CO-Horts Blog

Monday, January 30, 2023

Colorful Winter Stems

by Yvette Henson

Winter can feel so devoid of color.  There are no flowers blooming, the deciduous trees and shrubs are bare.  The grass is no longer green.  But that same grass is now a butterscotch gold against the snow.  The branches of deciduous shrubs sometimes develop an even deeper color in the cold that is unveiled with the loss of leaves.

The following three photos are of various willows that I see along my weekly and sometimes daily drives.  I purposely look for these patches of yellow, peach and red stems- bright pops of color in an otherwise gray and white world.  Willows are in the genus Salix.  I decided not to attempt to identify those in these photos to species-- willows can be difficult and there are no flowers or leaves to help.  

These red, orange and yellow willows grow along
Highway 62 on Dallas Divide, SW Coloraodo

These golden willow trees are on my drive to work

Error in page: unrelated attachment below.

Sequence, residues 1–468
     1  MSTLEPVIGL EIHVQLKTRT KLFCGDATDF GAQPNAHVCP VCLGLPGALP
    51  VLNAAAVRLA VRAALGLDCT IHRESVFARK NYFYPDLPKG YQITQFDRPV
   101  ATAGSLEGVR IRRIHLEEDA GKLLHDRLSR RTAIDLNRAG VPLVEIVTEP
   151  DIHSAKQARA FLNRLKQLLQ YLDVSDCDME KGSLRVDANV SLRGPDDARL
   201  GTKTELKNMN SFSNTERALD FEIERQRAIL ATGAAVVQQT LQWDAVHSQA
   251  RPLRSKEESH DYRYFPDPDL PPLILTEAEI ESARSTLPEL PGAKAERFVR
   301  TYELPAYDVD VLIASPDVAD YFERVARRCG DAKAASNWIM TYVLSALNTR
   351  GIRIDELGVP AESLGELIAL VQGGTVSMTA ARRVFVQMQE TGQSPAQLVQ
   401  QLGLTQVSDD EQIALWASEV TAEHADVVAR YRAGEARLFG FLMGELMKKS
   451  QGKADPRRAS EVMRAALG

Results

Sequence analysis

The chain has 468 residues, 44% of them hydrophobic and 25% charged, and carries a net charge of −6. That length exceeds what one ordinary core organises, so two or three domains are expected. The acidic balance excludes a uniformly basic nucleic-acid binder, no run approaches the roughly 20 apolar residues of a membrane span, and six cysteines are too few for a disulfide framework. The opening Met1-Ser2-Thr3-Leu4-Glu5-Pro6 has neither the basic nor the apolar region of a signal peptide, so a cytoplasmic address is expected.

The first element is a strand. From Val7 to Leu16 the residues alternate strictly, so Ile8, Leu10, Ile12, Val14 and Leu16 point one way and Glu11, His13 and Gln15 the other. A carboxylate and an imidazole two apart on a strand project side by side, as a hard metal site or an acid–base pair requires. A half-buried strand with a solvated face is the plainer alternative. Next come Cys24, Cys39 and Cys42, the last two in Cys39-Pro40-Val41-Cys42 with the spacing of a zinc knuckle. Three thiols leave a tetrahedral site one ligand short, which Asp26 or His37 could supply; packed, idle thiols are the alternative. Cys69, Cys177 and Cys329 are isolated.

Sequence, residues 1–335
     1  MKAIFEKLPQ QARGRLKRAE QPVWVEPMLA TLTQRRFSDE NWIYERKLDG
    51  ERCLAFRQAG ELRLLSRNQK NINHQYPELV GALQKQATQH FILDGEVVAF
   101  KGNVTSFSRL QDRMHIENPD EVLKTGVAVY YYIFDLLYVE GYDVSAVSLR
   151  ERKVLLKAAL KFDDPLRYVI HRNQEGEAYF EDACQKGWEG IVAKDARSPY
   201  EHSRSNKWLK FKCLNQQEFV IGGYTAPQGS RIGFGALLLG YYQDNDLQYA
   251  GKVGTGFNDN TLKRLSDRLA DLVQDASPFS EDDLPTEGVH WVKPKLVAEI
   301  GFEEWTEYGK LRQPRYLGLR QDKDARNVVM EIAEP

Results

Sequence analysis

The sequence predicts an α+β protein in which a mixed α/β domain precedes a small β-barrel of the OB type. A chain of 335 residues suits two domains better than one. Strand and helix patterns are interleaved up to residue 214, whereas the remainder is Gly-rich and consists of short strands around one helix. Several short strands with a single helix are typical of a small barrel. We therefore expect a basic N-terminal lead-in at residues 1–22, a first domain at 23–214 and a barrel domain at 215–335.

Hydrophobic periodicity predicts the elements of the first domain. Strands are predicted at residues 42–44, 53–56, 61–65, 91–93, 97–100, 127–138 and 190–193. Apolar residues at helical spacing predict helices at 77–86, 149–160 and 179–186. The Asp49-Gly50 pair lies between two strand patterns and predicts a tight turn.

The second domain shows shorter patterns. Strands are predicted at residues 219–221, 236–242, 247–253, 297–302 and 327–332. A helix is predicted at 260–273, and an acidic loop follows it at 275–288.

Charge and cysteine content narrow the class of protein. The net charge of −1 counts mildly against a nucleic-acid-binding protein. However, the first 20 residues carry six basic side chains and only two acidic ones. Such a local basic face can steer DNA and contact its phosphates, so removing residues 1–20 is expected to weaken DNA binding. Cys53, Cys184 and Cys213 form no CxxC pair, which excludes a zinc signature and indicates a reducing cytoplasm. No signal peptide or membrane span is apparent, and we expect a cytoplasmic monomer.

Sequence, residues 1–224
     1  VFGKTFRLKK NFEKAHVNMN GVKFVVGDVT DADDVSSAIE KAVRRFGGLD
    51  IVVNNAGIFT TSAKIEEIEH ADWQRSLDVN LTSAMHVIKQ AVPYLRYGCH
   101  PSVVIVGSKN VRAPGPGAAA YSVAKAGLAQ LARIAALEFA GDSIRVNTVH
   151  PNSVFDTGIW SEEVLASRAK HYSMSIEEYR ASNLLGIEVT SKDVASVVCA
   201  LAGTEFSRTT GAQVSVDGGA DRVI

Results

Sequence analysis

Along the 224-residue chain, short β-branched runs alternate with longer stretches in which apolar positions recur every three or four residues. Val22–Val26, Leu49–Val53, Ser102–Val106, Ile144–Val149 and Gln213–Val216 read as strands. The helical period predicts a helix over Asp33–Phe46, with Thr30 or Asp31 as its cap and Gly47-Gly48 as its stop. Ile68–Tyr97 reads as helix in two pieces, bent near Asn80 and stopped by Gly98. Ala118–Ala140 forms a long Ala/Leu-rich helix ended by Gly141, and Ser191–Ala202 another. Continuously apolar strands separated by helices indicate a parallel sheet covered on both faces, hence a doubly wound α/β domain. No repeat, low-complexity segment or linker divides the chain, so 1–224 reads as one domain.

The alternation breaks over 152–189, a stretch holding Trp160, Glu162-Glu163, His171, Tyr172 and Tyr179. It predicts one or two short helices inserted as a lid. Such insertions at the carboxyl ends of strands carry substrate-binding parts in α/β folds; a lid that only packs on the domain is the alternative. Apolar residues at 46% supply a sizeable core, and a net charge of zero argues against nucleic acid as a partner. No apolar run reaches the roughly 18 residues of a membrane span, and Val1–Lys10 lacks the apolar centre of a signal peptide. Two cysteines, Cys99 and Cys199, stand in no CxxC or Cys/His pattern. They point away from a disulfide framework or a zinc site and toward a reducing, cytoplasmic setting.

(I don't even notice them in the summer)
These peachy red willows, along this irrigation ditch, 
can grow out of control

Another very popular shrub grown in many gardens all over the world, is red-twig dogwood.  It is popular because of the bright color of the stems, especially against the snow.  We have a native species, Cornus sericea.  It can be found growing on the gravelly banks of rivers. 

Our Colorado native red-twig dogwood
(growing along the San Miguel River in SW Colorado)

Willows and red twig dogwood are riparian plants, which means they grow in wetlands along rivers, streams and other bodies of water.  In the winter it may be difficult to tell them apart.  

red twig dogwoods have opposite stem and leaf arrangement
(side branches grow in the same location on each side of the main stems)

Willows have alternate stem & leaf arrangement
(the side branches originate at different locations along the stem).

What are some plants that brighten up your winter landscape?

No comments:

Post a Comment